Baird to Host Health Care Investment Conference

Senior Biotech Analyst Thomas Russo Discusses How the Economy, Health Care Reform, and Innovation Shape the Prospects for Biotech and Pharmaceutical Stocks

NEW YORK, Sept. 7, 2010
Senior Health Care Analyst Thomas J. Russo, CFABaird, an employee-owned international capital markets, private equity, wealth and asset management firm, will host its annual Health Care Conference in New York September 14-15. This conference brings institutional and private equity investors together with senior management from nearly 90 different public and privately-held companies. The conference will include presentations from the companies, which represent Biotechnology, Distribution & Services, Life Sciences & Diagnostics, Medical Technology, Facilities, and Specialty Pharmaceuticals and Cardiovascular segments.

As a preview to the conference, Baird spoke with senior research analyst Thomas Russo for his outlook on biotechnology and pharmaceutical companies.

Q&A with Senior Health Care Analyst Thomas J. Russo, CFA

How is a slow economic recovery affecting biotech? Does the global economy and weakness in Europe come into play?
While healthcare is traditionally less economically sensitive, biotech and pharma investors faced three macro factors in the early part of this year – health care reform, exchange rates and sovereign debt concerns. Healthcare reform was a roller-coaster ride from January through April, but the second quarter reporting season brought helpful visibility and no negative surprises. Exchange rates are not unique to biotech and pharma and did not cause investors to get particularly frazzled. But sovereign debt did cause quite a bit of consternation. Austerity measures in countries like Greece and Spain included cutting prices for drug reimbursement. While price cuts are not uncommon in these single-payer systems, this year the cuts were on average larger, higher profile, and appeared more coordinated. What emerged in the second quarter reports across bigger biotech and pharma companies is that the situation looks manageable and is expected to normalize again going forward.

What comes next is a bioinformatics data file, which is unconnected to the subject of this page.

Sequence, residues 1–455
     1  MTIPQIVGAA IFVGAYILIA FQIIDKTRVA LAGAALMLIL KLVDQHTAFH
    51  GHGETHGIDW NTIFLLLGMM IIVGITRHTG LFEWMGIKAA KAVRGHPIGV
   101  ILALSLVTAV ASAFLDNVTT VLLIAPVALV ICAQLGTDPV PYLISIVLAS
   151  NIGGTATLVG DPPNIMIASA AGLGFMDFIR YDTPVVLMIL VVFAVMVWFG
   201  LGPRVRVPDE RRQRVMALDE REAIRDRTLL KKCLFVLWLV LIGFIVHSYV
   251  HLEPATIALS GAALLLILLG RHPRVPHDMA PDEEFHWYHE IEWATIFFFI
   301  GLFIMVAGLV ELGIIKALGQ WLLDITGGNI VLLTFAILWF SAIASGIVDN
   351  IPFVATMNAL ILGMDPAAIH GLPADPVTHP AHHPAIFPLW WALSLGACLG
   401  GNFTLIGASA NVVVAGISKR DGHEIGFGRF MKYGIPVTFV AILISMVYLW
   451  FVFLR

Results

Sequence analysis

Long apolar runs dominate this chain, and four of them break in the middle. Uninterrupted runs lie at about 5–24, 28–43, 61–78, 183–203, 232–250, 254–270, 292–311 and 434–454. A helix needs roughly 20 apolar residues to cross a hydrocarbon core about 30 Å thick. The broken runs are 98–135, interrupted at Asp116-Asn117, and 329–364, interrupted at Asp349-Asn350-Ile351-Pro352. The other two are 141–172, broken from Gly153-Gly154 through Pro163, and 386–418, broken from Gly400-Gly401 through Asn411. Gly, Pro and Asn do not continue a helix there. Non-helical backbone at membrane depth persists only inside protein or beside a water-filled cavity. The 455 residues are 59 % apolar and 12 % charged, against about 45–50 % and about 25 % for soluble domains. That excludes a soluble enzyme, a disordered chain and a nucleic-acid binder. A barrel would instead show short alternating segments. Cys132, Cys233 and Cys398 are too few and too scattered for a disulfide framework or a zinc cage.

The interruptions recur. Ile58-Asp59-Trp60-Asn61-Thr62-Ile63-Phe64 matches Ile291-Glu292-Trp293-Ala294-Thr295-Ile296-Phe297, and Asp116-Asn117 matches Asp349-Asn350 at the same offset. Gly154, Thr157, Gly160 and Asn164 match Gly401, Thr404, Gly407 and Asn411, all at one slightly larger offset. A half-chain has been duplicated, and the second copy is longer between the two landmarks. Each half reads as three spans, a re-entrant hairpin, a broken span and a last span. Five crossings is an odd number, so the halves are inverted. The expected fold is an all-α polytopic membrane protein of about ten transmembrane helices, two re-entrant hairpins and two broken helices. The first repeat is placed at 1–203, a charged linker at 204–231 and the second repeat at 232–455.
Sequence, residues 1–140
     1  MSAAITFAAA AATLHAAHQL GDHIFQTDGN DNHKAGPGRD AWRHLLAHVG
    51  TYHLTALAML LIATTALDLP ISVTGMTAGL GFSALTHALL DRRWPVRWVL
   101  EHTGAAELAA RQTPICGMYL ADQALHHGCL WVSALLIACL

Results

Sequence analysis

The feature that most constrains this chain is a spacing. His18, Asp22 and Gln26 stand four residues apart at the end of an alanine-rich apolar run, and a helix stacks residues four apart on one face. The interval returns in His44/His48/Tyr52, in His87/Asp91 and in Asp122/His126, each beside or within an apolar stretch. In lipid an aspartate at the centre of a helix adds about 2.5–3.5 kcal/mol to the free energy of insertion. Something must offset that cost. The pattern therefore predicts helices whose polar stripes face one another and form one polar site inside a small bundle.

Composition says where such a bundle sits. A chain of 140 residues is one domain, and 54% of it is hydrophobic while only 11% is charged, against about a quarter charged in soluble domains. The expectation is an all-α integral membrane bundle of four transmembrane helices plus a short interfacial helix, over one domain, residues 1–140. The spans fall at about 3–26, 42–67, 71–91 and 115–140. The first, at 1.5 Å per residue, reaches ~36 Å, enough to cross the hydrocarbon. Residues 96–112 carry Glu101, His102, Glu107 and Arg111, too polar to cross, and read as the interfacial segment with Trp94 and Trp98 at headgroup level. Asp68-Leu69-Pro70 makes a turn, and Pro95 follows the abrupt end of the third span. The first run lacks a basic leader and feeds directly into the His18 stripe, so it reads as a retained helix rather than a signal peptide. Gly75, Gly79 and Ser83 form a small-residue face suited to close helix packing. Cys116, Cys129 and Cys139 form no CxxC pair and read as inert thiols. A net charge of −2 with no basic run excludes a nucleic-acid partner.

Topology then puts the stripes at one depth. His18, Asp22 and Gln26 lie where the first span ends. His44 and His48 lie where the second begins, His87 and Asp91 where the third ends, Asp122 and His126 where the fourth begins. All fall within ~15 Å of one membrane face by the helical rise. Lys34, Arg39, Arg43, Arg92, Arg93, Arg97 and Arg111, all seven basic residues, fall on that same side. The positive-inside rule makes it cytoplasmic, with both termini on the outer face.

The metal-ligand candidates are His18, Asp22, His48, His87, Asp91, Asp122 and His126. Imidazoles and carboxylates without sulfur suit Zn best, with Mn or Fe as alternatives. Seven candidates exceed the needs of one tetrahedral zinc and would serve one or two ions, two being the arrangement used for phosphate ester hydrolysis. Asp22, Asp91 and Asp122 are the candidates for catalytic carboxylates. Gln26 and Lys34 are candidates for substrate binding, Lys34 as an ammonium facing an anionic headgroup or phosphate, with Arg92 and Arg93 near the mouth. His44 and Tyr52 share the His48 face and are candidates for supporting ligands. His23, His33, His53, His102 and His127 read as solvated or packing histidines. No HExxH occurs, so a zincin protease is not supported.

Let’s consider health care reform. Which portions of the new law have the greatest impact on your coverage universe?
While varying by company, the headline that emerged from the first quarter was quantifying the impact of healthcare reform in 2010, mainly the increased rebate now applicable to Medicaid-related business. The impacts ranged from less than 1% to as much as 2-3% on the high end where Gilead (GILD) became a poster child. Three months later with the second quarter reports, greater visibility was helpful as investors saw the impact was in-line with original estimates and, in some cases, was even a little bit less. Looking ahead to 2011, investors will be assessing the impact of the closing of the Medicare Part D gap in drug coverage—called the donut hole—as well as the new excise tax on the industry. Most companies have yet to release estimates of the incremental impact in 2011. We will be monitoring these two important drivers closely.

How is the regulatory environment for biotech and drug companies?
The conventional wisdom is that it has gotten harder to get drugs approved, which is true if you go back to the early 2000s. But if you reset to the post-Vioxx era and the new regulatory paradigm, the trends are actually not so discouraging. So far this year, we’ve had about 16 new drugs/biologics approved and are on pace to reach the mid-20s, similar to 2008 and 2009. High profile approvals year-to-date include Provenge, Prolia, Lumizyme, Vpriv, and Victoza. Possibly the highest profile and perhaps most unexpected disappointment was InterMune Inc.’s (ITMN) pirfenidone. This may be more of a one-off situation as they chose an unusual course by filing for approval with only one of two pivotal trials succeeding on its primary endpoint. Our high-level framework puts drugs up for approval into two broad categories. We believe drugs addressing diseases with no current treatment or offering a major improvement in the treatment paradigm are evaluated using the traditional risk/benefit equation. On the flip side, drugs that look more like a “me-too” in areas where other treatments exist usually find that any hint of a safety concern can become a show stopper in the approval process. We recommend avoiding an investment in those “me too” drugs.

How important is biotech research and innovation to Big Pharma companies? Will it drive M&A?
Research and innovation is very important and will only continue to become more important as Big Pharma focuses on its core competencies as commercialization, late-stage development and the regulatory approval piece. While investors may have expected more M&A this year, we think Big Pharma is still digesting several large mergers from last year. There also seems to be a lower risk tolerance, with Big Pharma companies preferring to wait until available assets are de-risked and then they pay up. The pipeline for Big Pharma will remain biotech companies targeting high unmet medical need, specialty or orphan areas, and those developing higher-barrier biologic products. Big Pharma currently has well over $100B in cash on their balance sheets to shop with.